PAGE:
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Akram Khan Speaking Recently With Hardeep Singh Kohli

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  • Thu, Jul 26, 2012 - 01:19pm

    Arundhati Roy

    Arundhati Roy

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    Akram Khan Speaking Recently With Hardeep Singh Kohli

This a short piece of dialogue that I transcribed from a radio interview several days ago. I'd searched for a suitable place to put it here, finally settling upon its own thread.

I hope you will be as moved.

I'll tell you a little story.

I was in Australia a few years back, and I was performing with Juliette Binoche. We'd just finished the show at the Sydney Opera House – I left – I decided to take a taxi even though the hotel was very close – I waited for the taxi for 5 minutes – it was pretty cold.

A taxi arrived – as I opened the door a rude couple behind me got in the taxi and shut the door. Then they decided to role the window down and say, "Are you Akram Khan?" And I said, "Maybe". I was pretty angry because they took my taxi. "Were you the one performing at the Sydney Opera House?" I said, "Maybe", and they realised it was me, and he said, "thanks for the show", rolled up the window and left.

So, I waited another 5 minutes and a second taxi arrived. I opened the door – as I opened the door and I got in the taxi, it was the first time in my life I wanted to hear my fathers voice – I've never – I don't have a phone conversation with my father – I don't have that kind of relationship – it's my mother I call – especially when I'm abroad – I miss home – I call my mother.

But I needed to hear my fathers voice – I've never felt like that before – it was a surreal experience – I got in the taxi – I called my father.

I call my father and I'm speaking to him in Bengali and I said, "Dad, how are you?". He goes, "What you want?" I said, "I'm not sure really, I just wanted to say hello". He goes, "Ah, you're in trouble with the police aren't you?" I said, "Dad, I'm 34" – 35 at the time – "I'm not in trouble with the police, I just wanted to say hello".

So, I put the phone down – that was a – it was all in Bengali. The taxi driver turned around to me and said, "Is your father Musharraf Khan?" I started to recollect – I never mentioned my fathers name – we don't mention our fathers name in our culture – and I said, "Yeah, how do you know this?" He goes, "Just answer me one more question" – he's talking to me in Bengali – the taxi driver.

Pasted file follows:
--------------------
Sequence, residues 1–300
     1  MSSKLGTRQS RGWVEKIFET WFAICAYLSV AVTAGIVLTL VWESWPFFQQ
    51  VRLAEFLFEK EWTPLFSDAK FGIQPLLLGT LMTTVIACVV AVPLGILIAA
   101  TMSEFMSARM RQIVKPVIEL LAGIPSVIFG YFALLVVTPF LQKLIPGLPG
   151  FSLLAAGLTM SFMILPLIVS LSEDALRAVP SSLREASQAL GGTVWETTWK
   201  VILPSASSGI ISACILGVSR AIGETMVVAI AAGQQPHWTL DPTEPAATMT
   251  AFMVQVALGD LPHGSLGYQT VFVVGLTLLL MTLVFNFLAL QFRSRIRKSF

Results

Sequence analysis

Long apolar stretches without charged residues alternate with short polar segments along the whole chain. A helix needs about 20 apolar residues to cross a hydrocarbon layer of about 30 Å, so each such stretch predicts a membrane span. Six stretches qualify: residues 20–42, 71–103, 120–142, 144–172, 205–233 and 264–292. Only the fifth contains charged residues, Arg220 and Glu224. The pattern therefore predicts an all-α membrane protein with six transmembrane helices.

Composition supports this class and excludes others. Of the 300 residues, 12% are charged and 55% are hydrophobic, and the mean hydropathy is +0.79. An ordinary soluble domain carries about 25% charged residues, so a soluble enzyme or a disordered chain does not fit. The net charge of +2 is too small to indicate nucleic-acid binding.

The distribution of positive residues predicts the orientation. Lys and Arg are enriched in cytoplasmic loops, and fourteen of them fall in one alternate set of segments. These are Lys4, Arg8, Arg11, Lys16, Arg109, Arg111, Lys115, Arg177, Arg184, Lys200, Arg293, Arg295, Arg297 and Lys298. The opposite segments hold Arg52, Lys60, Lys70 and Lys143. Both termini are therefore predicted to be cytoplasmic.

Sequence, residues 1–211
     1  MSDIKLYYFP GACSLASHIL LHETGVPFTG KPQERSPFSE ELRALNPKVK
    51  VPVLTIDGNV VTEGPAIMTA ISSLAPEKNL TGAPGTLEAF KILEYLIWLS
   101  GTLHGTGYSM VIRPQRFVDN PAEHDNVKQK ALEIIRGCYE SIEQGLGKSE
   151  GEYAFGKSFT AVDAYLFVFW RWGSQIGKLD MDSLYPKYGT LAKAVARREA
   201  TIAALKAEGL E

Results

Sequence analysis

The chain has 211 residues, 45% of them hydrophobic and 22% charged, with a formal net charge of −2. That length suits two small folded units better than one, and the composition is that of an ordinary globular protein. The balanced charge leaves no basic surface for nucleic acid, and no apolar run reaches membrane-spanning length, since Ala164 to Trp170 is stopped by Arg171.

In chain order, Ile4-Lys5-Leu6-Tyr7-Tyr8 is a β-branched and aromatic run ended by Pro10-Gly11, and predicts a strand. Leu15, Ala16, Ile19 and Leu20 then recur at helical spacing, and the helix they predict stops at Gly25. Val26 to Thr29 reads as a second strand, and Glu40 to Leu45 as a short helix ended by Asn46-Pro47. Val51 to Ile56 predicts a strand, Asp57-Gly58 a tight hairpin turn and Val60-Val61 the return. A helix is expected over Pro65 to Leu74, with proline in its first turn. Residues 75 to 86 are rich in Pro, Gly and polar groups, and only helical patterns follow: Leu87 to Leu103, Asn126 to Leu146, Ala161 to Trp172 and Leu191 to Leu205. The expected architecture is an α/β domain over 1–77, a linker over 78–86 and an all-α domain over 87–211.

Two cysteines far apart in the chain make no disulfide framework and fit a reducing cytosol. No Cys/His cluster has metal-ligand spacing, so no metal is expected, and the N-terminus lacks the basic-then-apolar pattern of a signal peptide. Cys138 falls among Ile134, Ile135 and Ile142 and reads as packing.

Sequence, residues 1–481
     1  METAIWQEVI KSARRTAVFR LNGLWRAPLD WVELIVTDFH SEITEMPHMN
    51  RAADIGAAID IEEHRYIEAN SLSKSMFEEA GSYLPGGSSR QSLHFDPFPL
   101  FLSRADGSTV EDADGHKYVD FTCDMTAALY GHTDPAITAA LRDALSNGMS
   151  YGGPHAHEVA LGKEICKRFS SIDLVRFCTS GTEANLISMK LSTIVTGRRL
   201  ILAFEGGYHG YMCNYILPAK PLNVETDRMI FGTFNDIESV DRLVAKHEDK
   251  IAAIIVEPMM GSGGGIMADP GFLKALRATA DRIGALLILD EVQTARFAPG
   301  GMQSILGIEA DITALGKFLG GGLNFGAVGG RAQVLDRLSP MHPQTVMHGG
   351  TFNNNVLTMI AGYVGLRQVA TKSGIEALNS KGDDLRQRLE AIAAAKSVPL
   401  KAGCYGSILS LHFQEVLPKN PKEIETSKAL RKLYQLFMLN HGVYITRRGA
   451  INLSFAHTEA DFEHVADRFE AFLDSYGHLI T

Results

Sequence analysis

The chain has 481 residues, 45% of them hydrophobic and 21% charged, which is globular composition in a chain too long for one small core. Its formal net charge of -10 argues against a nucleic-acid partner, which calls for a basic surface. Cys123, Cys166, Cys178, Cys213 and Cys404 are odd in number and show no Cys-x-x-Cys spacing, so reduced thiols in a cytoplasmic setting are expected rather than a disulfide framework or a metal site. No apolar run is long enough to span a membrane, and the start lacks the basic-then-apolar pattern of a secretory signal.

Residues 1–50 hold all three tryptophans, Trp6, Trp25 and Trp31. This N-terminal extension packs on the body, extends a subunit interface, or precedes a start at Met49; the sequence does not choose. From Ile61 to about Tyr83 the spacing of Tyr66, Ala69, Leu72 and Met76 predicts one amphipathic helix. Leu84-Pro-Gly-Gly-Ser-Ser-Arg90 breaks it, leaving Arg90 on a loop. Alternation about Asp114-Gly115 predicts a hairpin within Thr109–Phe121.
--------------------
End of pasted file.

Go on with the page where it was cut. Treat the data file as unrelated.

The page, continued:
He said, "Was he from a small village called Manchikon?" Now, there are 200 people in the world that know that. 195 of those people still live there. The other 5 are my mother, my father, my sister and me, and I presume this taxi driver.

I said, "No, you tell me how you know such specific information, because you're freaking me out". He said, "Just answer the question, I beg of you". I said, " Yeah, he's from Manchikon". So, the man started to cry. I said, "look, what is going on, why are you crying now?"

He goes, "I've been searching for your father for 35 years. He was my best friend as a child. I know that his son was a dancer because I used to read the newspapers in Bangladesh, but your father emigrated to the west from that small village. I'd lent him a little bit of money that I'd saved because your father had big dreams. I didn't, and I said, 'Go and live your dreams'."

So when he left they disconnected and lost touch, and I thought, the coincidence of that freaked me out – and I called my father and I said, "Aba, there is someone who wants to speak to you". And he said, "Who is it?". I said, "Well, er, taxi driver, what's your name, how would my father call you?" He said, "say Binloopi, Abas Binloopi".

There was a silence for a minute. And then for the first time in my life I heard my father cry.

And I started to think, that's when I was in suspended time.

And I started to feel real – I started to feel spiritual. There was a moment of serenity in my fathers voice that I'd never heard before.

  • Tue, Jul 31, 2012 - 08:05pm



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Arundhati Roy

I am a member who rarely posts because I usually don’t have any words of wisdom to pass on.  After reading this thread, I was very moved, but ironically this story leaves me speechless once again because of the power of the stories content.  Thank you for sharing this story.  For once it feels good not to have anything to say, your post / story leaves me with inner feelings that cannot be expressed in words.  Michael

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